For Verizon Communications' Chairman and CEO Hans Vestberg, playing a critical role in tackling racial inequality was a logical extension of the company’s approach to major societal issues, its strategy, and its leadership philosophy. “When I have opinions about societal challenges, it’s when it’s part of my strategy,” he explains. “I was always an extremely strong advocate for diversity and inclusion. I’ve lived and worked in four continents, and I’ve learned that if you have seven people like me in the room, it’s just going to be a disaster. Diversity and inclusion is one of our leadership philosophies and part of our credo as a company, and so talking about it comes very naturally for us.”
Hans Vestberg, who was visibly emotional in a video announcement to his staff where he announced Verizon was committing US$10 million to organisations that are dedicated to racial equality and social justice, believes that a strong stance is a moral imperative if you find something simply unacceptable. “We knew racial injustice was something we needed to talk about because we’re not going to accept it,” he says. “We’re really building diversity right here: our customer base is diverse and our company is diverse.”
The pandemic has created what will be a career-defining economic challenge for most CEOs.
Given the scale of that challenge, many were worried that chief executives would be forced to relegate the importance of environment, social and governance (ESG) themes. However, our research shows that CEOs are still very much engaged with this issue, and in particular the ‘S’ of ESG. Close to two-thirds (63 percent) said that their response to the pandemic has caused their focus to shift to the social component of their ESG program with even higher sentiment expressed in both the Republic of Ireland (84 percent) and Northern Ireland (76 percent).
That is not to say that CEOs are being deflected from the ‘E’ of ESG either. Chief executives are more than aware that climate change also offers a significant economic and humanitarian threat over the coming decades and that there is a need to rebuild organisations in a way that supports a new and sustainable economy. The seriousness with which they take the issue of climate change is reflected in the fact that many believe that managing climate-related risks is key to their own job security and long-term legacy. When we asked CEOs whether it was likely that managing climate-related risks will be a key factor in them keeping their job over the next 5 years, close to two-thirds (65 percent) worldwide felt it was indeed likely with those in the Republic of Ireland (84 percent) recording a markedly higher level of relevance than their counterparts in Northern Ireland (56 percent).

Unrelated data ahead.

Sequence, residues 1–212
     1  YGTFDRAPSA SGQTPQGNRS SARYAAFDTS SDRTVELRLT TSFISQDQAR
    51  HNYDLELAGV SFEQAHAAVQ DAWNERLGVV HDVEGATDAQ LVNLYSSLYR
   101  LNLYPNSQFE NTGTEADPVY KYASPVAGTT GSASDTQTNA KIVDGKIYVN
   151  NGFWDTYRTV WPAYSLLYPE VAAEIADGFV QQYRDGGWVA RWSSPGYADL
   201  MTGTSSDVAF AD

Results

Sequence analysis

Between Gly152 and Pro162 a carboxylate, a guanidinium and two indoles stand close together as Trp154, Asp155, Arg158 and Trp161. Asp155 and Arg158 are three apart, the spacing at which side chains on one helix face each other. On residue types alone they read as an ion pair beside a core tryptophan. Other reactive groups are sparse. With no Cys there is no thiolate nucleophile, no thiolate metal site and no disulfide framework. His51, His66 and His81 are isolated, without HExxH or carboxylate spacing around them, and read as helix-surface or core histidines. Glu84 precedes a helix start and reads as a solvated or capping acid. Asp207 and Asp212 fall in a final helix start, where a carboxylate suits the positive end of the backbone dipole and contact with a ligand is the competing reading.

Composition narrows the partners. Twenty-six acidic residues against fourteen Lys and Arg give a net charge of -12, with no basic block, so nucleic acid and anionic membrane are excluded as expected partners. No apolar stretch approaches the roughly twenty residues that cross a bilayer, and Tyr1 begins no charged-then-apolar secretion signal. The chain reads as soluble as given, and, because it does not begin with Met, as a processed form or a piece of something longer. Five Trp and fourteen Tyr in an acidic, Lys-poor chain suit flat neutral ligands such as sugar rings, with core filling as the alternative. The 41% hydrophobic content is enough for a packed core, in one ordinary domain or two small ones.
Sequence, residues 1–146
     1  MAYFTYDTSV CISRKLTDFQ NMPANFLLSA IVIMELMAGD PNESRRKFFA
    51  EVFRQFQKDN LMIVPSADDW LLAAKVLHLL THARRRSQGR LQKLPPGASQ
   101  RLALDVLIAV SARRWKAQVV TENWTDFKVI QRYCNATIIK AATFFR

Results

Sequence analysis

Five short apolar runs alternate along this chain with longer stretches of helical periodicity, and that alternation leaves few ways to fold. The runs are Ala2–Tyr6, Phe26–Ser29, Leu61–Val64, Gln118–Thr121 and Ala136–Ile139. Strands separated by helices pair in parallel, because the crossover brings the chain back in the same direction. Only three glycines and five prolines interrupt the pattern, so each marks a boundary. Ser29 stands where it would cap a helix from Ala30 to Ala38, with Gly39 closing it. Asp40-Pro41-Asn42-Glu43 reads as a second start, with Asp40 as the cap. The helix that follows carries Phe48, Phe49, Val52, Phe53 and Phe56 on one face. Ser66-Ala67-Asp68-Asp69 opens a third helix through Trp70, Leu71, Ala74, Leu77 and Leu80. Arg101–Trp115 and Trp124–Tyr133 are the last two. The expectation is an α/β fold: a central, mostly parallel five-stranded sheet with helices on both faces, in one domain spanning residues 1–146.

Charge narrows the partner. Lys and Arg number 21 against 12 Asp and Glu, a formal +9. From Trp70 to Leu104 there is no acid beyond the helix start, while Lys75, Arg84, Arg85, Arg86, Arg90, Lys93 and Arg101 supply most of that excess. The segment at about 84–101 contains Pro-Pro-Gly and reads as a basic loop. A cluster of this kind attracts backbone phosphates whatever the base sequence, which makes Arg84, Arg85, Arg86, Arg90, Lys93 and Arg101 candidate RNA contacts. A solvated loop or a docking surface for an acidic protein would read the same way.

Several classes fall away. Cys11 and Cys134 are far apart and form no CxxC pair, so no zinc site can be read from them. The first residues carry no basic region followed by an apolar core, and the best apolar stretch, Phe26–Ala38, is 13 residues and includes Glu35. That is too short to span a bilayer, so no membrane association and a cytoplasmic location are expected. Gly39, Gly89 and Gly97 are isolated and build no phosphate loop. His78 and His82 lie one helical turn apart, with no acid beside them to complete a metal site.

For Mike Hayes, KPMG’s Dublin based global Head of Renewables, it should come as no surprise that CEOs say they will be measured against their ability to manage climate risk. “It is an area everyone needs to think about. People need to understand that climate risk is a financial risk and the financial impact of climate change will affect all of us. Central banks throughout the world are looking at climate risk and saying to the lenders and asset managers and other entities they regulate that they have to take it into account. If you thought the 2008 property crisis was bad, you haven’t seen anything yet.”
Jane Lawrie, Global Head of Corporate Affairs, KPMG International, says the continued focus on ESG during the pandemic – and the emphasis on the social dimension – reflects the fact that driving performance in these areas is key to demonstrating the power and impact of an organisation’s purpose. “CEOs have responded to the COVID-19 crisis by putting even more focus on purpose, helping to signpost to employees and stakeholders why their company exists and how it aims to contribute to the world at large,” she says. “The survey shows that CEOs are prioritizing efforts across the ESG agenda as a real business imperative, with societal actions coming up alongside the environmental plans.”
To move forward, CEOs are looking to double-down on the structural shifts that have emerged during the crisis – 71 percent (80 percent in the Republic of Ireland and 84 percent in Northern Ireland) say they want to lock in climate change gains that have been realised during the pandemic. Measuring and communicating the impact of environmental improvements, as well as social and governance performance, will be critical.
As ESG has become a CEO and boardroom issue, most if not all of the Fortune 500 companies have put it high on their agendas says Mike Hayes; “Companies face the risk of physical climate impacts such as drought, heatwaves, floods, and so on. Consumer sentiment represents another risk. There are certain things many consumers no longer wish to buy. Furthermore, investors don’t want to be associated with carbon emitting activities. Employees are also putting pressure on companies to address the issue while regulators are starting to punish companies which fail to do so. A lot of business models are going to have to change because of this and some assets will become more valuable while others will not attract the same valuations as before. There will be a lot of stranded assets as well.”
Hayes also notes that climate risk is now becoming an audit question and asks should we start providing for climate risk in audit statements? “The Task Force on Climate Related Financial Disclosures (TCFD) has made recommendations for climate-related financial risk disclosures for companies to provide information to investors, lenders and other stakeholders. The audit regulator in the UK has started a consultation process with the big four professional services firms in relation to how financial risk should be reported in audits.”